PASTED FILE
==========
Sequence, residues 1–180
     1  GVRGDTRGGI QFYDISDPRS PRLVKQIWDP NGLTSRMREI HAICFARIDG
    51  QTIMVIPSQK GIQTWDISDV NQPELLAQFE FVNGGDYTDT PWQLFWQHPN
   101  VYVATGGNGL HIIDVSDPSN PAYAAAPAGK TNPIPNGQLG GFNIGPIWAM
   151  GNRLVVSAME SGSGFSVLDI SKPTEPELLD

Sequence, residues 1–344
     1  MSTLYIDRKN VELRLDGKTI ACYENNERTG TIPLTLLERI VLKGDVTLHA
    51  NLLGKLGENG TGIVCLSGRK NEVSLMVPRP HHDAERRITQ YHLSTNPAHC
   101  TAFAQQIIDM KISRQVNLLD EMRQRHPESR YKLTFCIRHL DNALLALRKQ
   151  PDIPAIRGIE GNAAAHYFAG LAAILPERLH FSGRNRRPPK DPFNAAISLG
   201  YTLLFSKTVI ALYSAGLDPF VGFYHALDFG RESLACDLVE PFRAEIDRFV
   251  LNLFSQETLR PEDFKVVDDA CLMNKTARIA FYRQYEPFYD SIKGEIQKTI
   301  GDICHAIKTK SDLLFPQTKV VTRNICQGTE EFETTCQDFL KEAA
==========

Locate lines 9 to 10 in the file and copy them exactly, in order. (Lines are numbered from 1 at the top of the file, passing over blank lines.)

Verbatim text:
   101  TAFAQQIIDM KISRQVNLLD EMRQRHPESR YKLTFCIRHL DNALLALRKQ
   151  PDIPAIRGIE GNAAAHYFAG LAAILPERLH FSGRNRRPPK DPFNAAISLG